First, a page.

A combination of key informant interviews and focus groups will be conducted based on stakeholder types and clinical pathways. A total of 74 individual interviews and 15 focus groups will be performed. Specifically, 3 donor focus groups, 4 focus groups each of medical officers, clinical officers, and nurses. In addition to 8 interviews with national and county-level health system administrators, 12 interviews with facility administrators (medical, nursing, and laboratory), 9 interviews with blood banks administrators, 18 interviews with medical consultants, and 27 patient interviews. This sample size is based on the healthcare system and social context of the Kenyan settings as well as the complexity of blood transfusion across socioeconomic settings and clinical pathways. However, we will evaluate the need of continuing recruitment of participants based on thematic saturation upon iterative analysis of the data and recognizing the lack of new themes.
The sample for Aim 1b will consist of one healthcare facility and one blood bank from each of the three socioeconomic settings. Eligible private and public healthcare facilities include sub-County and County hospitals, facilities level 4 to 5 of the KEPH classification, respectively . Prospective data collection at these facilities will include all blood requisition forms issued within a 10-month period. Data collection will also comprise monthly reports on blood collection and processing for a similar period of time. Regional blood transfusion and satellite blood collection centers are both considered eligible.
Since the objective of the IE approach of Aim 2 is to visually describe the flow of work, it does not require any prespecified sample size. For the purposes of this Aim, participants from healthcare facilities and blood banks will be chosen from among those individuals responsible for the collection, testing, processing, storage, and distribution of blood for transfusion recruited for Aim 1a. Similarly, a selection of stakeholders interviewed for Aim 1a (at least one from each stakeholder category in each socioeconomic context) will be invited to workshops under Aim 3.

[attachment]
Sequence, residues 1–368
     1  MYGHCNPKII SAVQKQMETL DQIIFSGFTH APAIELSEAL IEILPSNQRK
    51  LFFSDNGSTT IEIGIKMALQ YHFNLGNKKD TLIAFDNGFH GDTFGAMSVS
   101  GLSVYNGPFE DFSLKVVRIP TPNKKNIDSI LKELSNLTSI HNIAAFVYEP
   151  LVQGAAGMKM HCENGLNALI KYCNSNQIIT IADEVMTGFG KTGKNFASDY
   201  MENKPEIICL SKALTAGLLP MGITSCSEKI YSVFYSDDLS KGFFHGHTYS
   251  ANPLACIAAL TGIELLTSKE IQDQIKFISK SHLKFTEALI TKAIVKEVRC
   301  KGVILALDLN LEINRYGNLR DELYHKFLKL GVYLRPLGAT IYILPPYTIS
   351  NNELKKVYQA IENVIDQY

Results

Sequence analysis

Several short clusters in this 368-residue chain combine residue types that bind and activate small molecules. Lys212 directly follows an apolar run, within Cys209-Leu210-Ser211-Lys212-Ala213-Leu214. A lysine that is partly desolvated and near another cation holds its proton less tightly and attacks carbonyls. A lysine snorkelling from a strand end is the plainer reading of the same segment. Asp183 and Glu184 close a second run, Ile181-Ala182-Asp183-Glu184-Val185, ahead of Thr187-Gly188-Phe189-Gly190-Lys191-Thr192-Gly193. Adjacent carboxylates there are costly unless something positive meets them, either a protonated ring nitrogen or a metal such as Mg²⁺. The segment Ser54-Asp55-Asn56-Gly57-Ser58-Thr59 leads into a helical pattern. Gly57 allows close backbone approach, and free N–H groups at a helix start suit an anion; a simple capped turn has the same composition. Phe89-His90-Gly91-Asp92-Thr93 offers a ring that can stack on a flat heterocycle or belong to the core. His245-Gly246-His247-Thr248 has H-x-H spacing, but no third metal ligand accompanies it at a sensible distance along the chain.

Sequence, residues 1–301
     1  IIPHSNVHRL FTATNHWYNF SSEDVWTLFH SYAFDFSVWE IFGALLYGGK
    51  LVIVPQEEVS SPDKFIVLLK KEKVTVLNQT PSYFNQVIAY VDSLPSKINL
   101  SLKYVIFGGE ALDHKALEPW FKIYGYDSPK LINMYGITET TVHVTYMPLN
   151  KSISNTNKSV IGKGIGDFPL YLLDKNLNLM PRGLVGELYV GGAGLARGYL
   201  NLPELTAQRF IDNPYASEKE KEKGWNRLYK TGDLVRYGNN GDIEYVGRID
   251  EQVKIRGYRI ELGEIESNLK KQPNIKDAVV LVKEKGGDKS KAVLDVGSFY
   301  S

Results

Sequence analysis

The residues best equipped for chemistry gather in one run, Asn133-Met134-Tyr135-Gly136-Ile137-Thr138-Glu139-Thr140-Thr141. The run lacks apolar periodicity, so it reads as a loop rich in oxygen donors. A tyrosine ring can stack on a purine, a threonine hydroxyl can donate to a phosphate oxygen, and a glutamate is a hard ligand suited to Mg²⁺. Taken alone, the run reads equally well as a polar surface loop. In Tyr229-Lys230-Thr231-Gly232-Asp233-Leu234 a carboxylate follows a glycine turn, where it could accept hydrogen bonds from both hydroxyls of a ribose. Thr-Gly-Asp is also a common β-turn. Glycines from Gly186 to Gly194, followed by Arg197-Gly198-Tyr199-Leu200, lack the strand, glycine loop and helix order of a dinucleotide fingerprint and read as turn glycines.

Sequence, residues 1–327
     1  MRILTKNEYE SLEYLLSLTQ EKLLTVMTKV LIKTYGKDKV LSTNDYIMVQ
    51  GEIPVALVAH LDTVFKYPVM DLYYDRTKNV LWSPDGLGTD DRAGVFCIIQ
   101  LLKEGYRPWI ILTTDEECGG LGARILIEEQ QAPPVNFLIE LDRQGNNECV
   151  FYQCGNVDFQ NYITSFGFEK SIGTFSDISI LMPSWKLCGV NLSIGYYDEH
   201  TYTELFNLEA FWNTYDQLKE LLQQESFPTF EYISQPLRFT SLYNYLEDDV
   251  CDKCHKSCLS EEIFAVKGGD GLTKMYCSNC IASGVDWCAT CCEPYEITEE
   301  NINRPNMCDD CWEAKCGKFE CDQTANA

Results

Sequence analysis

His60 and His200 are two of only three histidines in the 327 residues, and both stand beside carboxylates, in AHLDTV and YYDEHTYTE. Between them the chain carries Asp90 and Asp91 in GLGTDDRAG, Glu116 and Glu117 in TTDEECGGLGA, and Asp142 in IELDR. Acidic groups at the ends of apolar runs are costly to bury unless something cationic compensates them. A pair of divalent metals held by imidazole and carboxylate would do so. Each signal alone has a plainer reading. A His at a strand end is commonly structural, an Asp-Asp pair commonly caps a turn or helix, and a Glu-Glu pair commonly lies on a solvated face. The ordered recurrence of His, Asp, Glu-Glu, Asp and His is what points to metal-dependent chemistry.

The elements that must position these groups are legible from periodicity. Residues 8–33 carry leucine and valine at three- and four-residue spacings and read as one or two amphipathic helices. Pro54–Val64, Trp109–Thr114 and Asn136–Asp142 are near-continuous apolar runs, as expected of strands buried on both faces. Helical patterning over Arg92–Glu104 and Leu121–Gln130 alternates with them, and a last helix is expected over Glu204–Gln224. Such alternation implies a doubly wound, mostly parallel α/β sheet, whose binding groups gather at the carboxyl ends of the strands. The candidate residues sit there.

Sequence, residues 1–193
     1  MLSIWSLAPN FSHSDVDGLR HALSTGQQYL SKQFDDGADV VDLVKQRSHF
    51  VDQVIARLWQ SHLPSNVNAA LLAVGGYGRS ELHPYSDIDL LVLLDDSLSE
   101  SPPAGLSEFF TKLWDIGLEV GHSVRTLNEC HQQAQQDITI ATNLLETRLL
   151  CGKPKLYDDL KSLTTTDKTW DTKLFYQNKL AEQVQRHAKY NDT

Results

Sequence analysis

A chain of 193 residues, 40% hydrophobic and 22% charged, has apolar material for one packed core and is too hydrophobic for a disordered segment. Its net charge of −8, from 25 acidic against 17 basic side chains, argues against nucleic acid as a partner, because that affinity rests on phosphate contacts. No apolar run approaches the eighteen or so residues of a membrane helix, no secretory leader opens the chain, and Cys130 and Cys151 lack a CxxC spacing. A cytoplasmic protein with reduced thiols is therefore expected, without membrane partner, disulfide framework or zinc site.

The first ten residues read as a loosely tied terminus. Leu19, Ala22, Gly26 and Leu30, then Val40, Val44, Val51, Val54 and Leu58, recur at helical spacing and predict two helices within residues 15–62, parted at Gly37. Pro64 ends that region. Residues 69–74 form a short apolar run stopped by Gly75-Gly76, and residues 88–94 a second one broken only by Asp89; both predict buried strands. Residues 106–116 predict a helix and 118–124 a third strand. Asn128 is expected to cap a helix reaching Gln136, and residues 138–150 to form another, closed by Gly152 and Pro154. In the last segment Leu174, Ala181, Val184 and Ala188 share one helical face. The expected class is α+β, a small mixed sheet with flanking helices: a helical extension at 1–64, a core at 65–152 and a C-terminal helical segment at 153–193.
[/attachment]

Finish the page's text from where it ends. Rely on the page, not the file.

The qualitative data gathered in Aim 1a will be measured at the code, sub-theme, and theme levels. Each code will represent a construct or idea based on word and phrase repetitions from interviews and focus groups transcripts [35, 36]. Subsequently, categorization of codes will lead to the identification of themes and sub-themes that encompass: the identification of ground level deficits and challenges in the blood system continuum; and the type and characteristics of interventions proposed by stakeholders at the policy, system, and environmental level addressing identified critical challenges. There will be emphasis on identifying barriers and facilitators to potential implementation of PSE interventions as well as the differences and commonalities across clinical pathways and socioeconomic settings.
In Aim 1b, monthly reports from selected blood banks will be interrogated for data on blood collection and processing including: blood collection targets; blood collection by type of donor (VNRBD or FRD) and blood type; blood donors rejected and reasons; blood products requested; and blood products dispatched. Data from digitized blood requisition forms will include the following variables recorded by clinicians: patient demographics; patient diagnosis and indication for transfusion; history of blood transfusion; hospital ward and clinical pathway; patient blood group and blood tests including hemoglobin level; and number and type of blood products requested. Laboratory personnel will provide data on the number and type of blood products dispatched, and cross-matching testing date and time. Lastly, clinicians will record the number and type of blood products transfused to the patients as well as the time transfusion started and ended, and the presence of blood transfusion reactions.